Dollar Cost Averaging – Great Technique for Stocks

Dollar Cost Averaging – Great Technique for Stocks

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Investopedia defines dollar cost averaging as: The technique of buying a fixed dollar amount of a particular investment on a regular schedule, regardless of the share price. More shares are purchased when prices are low, and fewer shares are bought when prices are high.

Why It Works for Stocks

This is a great idea. This concept alone has allowed average Americans to become participants in the American dream of accumulated wealth. By investing a little at a time consistently and constantly, trillions of dollars have become concentrated in the 401(k)s and individual retirement accounts (IRAs) of an entire generation of Baby Boomers.

When prices are strong, there are benefits to dollar cost averaging. The old saying “The trend is your friend” definitely applies. You are constantly buying a stock that is getting stronger and stronger, with the added benefit of your overall portfolio lifting up in value. When prices are weak, or more importantly stagnant, but the company is still sound, you are able to buy shares at a flat or less expensive rate.

This is perfect for stocks. The market moves in only three directions: up, down, or sideways; most of the time, markets are moving sideways. Couple this with a buy-and-hold philosophy, and you can accumulate shares with little regard to where the price is. You own the shares, and there is no time limit on when they have to perform well.

Why It Doesn’t Work for Futures and Forex

While this may be a great idea on the surface, dollar cost averaging is difficult to apply to futures and forex trading. In futures and forex trading, a similar activity is “pyramiding” your profits. You add on more leverage based on the profits from contracts that are successful. When it comes to “adding” more contracts to a leveraged position, you have to worry about how much capital you have, margin calls, and the fact that longs and shorts are treated equally.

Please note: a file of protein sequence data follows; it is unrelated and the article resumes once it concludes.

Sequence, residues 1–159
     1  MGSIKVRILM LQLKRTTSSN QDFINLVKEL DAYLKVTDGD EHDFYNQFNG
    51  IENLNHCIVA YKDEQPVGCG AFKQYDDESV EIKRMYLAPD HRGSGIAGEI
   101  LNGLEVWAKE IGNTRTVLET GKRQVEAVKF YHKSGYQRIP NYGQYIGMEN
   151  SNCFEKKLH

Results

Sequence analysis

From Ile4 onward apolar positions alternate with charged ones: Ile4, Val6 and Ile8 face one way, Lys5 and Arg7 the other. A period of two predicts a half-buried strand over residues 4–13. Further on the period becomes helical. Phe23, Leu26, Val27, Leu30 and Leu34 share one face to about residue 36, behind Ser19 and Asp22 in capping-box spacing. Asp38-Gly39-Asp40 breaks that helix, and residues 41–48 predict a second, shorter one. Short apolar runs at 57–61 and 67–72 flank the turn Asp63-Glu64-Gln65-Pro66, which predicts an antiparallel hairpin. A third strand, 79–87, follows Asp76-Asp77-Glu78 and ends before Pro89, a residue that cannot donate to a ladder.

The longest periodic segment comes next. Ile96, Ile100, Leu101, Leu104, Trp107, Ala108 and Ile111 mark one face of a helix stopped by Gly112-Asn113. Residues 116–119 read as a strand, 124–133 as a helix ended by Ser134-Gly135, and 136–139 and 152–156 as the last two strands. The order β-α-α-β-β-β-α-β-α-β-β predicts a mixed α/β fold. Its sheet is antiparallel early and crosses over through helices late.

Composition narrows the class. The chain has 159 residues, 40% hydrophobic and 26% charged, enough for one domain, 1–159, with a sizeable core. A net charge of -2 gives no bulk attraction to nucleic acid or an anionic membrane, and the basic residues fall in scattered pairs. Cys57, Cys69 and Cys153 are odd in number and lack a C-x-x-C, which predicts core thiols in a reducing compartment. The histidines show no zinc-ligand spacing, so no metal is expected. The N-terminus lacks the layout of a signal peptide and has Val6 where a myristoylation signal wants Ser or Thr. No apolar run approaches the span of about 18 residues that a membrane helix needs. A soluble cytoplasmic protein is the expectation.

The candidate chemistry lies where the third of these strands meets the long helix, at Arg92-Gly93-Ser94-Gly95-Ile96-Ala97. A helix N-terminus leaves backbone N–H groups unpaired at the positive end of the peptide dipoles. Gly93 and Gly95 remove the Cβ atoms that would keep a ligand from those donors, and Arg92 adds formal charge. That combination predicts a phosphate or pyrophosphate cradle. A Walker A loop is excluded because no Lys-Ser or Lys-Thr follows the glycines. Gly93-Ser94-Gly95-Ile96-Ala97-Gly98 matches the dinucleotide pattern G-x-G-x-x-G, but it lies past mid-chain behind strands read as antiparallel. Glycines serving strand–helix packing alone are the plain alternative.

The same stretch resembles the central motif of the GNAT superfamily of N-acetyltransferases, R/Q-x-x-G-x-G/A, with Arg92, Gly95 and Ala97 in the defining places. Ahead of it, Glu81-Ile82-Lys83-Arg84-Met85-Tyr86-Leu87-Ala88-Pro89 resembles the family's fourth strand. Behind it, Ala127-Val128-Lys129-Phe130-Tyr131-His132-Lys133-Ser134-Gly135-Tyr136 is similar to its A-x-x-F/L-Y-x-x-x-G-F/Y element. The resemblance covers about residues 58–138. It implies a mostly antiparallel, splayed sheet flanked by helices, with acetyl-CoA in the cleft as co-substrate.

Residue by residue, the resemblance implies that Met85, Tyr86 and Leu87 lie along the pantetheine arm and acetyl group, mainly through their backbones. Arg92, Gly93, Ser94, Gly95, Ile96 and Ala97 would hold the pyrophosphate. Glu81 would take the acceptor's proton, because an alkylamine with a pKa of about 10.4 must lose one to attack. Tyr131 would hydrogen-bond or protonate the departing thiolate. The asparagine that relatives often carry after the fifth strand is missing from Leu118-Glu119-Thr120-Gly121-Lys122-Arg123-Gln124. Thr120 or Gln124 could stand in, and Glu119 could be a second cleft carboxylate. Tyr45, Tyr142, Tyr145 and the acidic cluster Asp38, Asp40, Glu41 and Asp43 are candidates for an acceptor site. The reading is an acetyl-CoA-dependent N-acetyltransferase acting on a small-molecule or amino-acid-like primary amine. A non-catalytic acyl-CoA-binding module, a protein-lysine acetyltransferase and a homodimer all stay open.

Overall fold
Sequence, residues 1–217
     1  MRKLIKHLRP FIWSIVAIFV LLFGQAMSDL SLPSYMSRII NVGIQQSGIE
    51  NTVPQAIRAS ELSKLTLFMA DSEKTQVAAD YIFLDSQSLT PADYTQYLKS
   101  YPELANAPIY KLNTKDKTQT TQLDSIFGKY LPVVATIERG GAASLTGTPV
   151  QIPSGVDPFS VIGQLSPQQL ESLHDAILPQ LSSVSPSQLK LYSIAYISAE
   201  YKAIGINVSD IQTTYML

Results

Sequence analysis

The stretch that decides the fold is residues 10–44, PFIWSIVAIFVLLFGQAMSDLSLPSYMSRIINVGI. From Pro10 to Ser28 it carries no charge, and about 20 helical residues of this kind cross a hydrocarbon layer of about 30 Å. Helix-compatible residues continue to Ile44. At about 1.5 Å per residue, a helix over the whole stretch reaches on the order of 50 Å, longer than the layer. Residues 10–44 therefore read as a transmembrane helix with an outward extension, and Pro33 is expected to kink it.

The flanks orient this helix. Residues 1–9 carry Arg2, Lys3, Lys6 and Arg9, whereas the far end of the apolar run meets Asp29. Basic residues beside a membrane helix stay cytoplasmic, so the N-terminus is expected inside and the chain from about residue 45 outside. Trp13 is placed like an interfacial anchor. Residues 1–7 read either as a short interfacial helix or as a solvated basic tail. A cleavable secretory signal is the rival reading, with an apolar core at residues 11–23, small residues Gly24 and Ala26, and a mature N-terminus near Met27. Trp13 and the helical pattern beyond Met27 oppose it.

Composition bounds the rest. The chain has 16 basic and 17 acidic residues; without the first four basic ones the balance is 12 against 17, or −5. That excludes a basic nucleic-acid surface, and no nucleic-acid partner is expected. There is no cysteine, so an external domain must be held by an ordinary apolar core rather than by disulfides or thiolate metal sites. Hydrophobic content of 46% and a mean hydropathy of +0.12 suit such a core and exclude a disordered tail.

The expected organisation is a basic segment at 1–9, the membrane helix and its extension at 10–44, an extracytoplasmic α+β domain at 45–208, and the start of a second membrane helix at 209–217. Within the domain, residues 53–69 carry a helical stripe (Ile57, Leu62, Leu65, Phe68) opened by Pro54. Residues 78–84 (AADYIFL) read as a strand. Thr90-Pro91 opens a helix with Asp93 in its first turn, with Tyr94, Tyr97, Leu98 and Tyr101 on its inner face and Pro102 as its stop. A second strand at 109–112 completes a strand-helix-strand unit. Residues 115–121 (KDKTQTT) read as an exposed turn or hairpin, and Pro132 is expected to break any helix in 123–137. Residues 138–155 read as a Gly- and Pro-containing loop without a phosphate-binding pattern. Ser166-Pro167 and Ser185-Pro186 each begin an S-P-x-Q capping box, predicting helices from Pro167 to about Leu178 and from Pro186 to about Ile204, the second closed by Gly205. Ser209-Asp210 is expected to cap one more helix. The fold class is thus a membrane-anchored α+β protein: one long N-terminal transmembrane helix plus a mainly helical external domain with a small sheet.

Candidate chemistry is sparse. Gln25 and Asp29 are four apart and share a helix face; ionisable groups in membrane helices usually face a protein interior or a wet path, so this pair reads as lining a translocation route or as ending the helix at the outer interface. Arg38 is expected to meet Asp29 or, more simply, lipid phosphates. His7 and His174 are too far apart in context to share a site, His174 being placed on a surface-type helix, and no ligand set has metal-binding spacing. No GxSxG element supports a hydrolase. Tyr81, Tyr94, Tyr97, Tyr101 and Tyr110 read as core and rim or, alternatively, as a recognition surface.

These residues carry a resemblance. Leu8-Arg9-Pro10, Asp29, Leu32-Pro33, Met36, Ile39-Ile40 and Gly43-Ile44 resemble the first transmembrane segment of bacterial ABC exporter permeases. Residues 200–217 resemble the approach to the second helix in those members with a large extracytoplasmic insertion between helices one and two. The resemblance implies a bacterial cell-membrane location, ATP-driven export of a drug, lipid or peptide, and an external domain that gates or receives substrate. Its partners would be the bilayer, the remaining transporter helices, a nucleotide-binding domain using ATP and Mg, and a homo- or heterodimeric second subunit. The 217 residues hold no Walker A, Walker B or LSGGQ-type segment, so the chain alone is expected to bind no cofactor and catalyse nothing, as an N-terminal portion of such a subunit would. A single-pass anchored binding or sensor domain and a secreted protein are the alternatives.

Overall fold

Since the markets are leveraged, you have to keep in mind that by adding one more contract, you are doubling your losses and gains. If the volatility of the underlying market is at 2% to 3%, with leverage of 20 to 1, you are gaining and losing at 40% to 60% of your capital outlay on one contract. On two contracts, you are at 80% to 120%, and at three contracts, you are at 120% to 180%. This is why you can give back accumulated profits in no time. What took you X number of days to accumulate is given back 2X to 3X faster.

The same occurs if you are attempting to protect yourself against loss. If you are adding more contracts as the market moves against you, you must make sure that you have enough capital to cover the maintenance margin of the contracts you have, plus you must be able to put on the initial margin for each contract you add. With futures contracts having initial an margin of $2,000 to $5,000 and forex account contracts around $1,000, a small account of $10,000 would possibly have three to four chances at dollar cost averaging futures or forex contracts before the account runs out of steam in maintaining current contracts and adding on new contracts. All the while, you are losing cash at an accelerated rate.

This bumps up against the third problem. Stocks have an inherent bias-everything goes up. So even when the prices pull back, there are few that are actually actively driving the price downward; there is just an absence of buying activity at current levels. So the price moves down until a buyer is found at a level that is comfortable.

In futures and forex there are active participants who want to see the price drop or expect the price to drop. Either way, there is no one-sided bias, and this has tremendous impact on how low a market can go. If you are attempting to dollar cost average a significant drop in price, it’s akin to catching a falling knife. The reality is that futures and forex are better traded with the trend, as opposed to attempting to build up a position while the market is strongly moving against you.

Value Investing

Investopedia defines value investing as: